One thing is to listen in the carriages & you can instantly know when the cars are motoring up, owing to the draft sound of the air conditioners coming into the carriages, some easy areas to know when being qualified for them as a driver.

Sponsored advertisement

  a6et Minister for Railways

a6et,
Some good points. I read that and thought about some of the processing plans I have worked on. Operated like crap when knew and took a few years and hard work by the operations teams to get solid reliable performance, so not limited to the XPT.

Your proposal to basically rebuild the fleet I see has two limitations
1) There is probably not enough cars and locos to remove 7 cars at a time + two locos. There is I thing more EC cars than normally used so these would be ok, and while the rest have a single spare, this maybe an issue with regular workings. Certainly I think you would struggle with the locos. Perhaps finding something to replace the Dubbo XPT would work.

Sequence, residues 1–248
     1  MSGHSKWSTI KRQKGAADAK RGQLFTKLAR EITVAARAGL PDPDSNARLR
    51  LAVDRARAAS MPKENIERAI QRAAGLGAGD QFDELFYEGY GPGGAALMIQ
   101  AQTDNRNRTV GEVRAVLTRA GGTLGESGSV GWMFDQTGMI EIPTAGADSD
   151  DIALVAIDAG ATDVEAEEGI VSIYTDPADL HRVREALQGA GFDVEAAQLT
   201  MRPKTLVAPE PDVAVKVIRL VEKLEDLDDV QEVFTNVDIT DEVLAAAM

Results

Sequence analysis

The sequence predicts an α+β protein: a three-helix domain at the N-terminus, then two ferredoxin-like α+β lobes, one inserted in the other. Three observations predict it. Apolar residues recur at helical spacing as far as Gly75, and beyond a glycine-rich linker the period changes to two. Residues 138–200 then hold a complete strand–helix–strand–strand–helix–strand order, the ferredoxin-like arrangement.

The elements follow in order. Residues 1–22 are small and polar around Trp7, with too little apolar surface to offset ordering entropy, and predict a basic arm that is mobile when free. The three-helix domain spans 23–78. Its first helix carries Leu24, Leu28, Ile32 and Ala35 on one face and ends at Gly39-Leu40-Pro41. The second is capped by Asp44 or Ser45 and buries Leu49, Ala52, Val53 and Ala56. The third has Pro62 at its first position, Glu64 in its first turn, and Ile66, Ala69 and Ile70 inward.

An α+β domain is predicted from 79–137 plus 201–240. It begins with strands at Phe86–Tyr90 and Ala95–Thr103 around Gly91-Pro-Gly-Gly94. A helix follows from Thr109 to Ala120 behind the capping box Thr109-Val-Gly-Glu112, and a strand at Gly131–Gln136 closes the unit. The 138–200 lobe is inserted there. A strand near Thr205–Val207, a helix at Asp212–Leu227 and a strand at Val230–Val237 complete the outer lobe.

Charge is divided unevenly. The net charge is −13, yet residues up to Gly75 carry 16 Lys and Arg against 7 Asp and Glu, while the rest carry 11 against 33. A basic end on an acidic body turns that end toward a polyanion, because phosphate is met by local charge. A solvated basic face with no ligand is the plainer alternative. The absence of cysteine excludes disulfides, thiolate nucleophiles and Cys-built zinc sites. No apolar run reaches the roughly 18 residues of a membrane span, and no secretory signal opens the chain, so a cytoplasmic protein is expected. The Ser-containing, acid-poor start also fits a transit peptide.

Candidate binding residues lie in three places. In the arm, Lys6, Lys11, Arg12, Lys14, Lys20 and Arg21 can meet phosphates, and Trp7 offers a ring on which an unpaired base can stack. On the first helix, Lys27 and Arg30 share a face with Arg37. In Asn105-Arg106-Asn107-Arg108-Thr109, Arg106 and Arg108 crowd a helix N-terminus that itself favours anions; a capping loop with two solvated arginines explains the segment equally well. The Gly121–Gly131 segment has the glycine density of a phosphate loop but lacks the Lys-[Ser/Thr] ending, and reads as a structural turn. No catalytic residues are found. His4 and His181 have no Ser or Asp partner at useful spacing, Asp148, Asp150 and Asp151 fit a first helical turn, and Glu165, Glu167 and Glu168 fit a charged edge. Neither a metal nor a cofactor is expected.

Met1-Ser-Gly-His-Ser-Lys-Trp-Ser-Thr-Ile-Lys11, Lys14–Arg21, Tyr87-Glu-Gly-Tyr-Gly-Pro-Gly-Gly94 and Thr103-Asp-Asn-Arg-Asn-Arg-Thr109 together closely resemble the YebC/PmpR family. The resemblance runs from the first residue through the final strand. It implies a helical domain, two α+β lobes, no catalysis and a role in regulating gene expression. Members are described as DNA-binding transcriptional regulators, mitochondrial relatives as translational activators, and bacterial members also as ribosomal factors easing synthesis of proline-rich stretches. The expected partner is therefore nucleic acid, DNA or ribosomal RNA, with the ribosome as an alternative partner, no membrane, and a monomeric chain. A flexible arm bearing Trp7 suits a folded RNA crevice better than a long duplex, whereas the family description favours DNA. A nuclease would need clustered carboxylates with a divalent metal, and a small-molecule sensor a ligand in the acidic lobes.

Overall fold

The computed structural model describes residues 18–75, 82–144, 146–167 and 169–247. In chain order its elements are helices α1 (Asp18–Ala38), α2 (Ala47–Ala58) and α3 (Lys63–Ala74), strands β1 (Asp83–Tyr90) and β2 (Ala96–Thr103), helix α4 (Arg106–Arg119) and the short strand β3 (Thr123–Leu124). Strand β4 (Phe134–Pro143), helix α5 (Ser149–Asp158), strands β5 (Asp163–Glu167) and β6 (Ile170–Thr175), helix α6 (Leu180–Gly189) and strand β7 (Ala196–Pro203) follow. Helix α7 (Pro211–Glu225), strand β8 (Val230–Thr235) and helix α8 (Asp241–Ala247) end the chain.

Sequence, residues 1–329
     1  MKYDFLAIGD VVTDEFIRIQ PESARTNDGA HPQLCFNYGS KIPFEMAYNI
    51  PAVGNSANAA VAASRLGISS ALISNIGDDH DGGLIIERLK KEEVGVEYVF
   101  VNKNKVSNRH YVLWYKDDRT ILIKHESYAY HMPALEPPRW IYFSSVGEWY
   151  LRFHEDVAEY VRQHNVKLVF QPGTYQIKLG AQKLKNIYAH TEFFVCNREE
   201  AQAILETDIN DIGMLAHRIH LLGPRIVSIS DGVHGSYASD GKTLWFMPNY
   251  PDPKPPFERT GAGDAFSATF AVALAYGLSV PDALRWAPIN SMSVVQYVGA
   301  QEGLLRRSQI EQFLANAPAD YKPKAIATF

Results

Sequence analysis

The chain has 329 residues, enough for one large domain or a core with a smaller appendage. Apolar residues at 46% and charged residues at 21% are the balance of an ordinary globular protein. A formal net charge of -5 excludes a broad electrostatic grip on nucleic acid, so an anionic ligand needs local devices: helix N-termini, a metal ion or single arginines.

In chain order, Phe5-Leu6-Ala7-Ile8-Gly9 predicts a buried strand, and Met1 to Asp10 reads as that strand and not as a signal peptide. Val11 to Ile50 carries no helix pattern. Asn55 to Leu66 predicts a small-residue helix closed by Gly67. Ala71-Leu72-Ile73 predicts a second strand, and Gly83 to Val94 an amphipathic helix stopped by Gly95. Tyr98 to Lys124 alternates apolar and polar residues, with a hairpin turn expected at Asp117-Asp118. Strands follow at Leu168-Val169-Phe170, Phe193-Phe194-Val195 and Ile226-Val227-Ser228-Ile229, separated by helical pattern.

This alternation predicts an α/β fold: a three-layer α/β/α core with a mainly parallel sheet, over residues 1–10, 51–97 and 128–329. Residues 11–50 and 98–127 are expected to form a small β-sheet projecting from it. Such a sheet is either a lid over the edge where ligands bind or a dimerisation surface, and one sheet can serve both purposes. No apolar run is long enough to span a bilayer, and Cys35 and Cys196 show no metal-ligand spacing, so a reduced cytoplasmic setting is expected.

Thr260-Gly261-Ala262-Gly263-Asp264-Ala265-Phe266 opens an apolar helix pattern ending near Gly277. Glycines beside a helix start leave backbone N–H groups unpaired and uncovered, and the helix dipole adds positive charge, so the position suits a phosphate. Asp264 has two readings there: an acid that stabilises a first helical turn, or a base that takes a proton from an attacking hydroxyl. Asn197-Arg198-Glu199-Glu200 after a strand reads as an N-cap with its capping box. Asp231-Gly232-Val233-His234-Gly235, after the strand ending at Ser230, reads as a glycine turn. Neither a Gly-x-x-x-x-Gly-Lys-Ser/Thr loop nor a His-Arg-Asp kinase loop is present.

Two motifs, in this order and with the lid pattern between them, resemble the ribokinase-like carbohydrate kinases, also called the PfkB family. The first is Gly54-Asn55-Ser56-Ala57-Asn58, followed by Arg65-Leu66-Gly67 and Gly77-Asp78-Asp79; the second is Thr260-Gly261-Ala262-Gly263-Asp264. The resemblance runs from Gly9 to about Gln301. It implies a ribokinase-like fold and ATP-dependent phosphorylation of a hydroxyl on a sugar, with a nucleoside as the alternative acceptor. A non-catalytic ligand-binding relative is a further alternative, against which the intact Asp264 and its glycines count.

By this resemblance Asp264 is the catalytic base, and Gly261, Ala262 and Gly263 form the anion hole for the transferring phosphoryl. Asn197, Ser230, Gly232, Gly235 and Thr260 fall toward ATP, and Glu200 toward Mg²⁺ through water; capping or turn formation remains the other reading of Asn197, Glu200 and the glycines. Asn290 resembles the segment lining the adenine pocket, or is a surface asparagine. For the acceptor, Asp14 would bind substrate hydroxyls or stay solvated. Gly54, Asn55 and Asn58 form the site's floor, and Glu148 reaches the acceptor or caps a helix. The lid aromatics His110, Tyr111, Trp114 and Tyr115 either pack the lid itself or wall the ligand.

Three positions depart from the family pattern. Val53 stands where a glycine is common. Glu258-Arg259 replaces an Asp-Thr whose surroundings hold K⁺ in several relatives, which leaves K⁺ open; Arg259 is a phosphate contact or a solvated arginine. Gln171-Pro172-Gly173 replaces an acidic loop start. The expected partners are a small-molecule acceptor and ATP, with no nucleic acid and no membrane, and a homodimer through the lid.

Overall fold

2) A full rebuild of a 35 year to 40 year old fleet is a stop gap and unrealistic you could expect another 15-20 years of life beyond this. QR rebuilt the 2300's with low noses, turbo's etc are now planned to be replaced after 15-20 years of service. I think the costs simply don't stack up which is why its rarely done. A little bit different, but Qantas sent its 747-400's to the scrap heap after 30 years of service, I would have thought there were potential buyers/airlines that would pay more? The govt has probably done the sums of buying new and subtracting what ever the resale value of the XPT is and said this is the best option. 40 years appears to be the magic number for which most railways in Australia are retiring pax and other stock.